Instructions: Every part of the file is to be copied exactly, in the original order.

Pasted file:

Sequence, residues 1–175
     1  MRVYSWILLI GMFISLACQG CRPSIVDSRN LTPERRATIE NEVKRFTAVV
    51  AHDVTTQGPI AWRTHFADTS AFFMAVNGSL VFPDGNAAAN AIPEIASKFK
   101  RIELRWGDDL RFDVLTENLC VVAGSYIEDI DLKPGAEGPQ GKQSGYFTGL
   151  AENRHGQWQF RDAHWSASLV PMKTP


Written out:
Sequence, residues 1–175
     1  MRVYSWILLI GMFISLACQG CRPSIVDSRN LTPERRATIE NEVKRFTAVV
    51  AHDVTTQGPI AWRTHFADTS AFFMAVNGSL VFPDGNAAAN AIPEIASKFK
   101  RIELRWGDDL RFDVLTENLC VVAGSYIEDI DLKPGAEGPQ GKQSGYFTGL
   151  AENRHGQWQF RDAHWSASLV PMKTP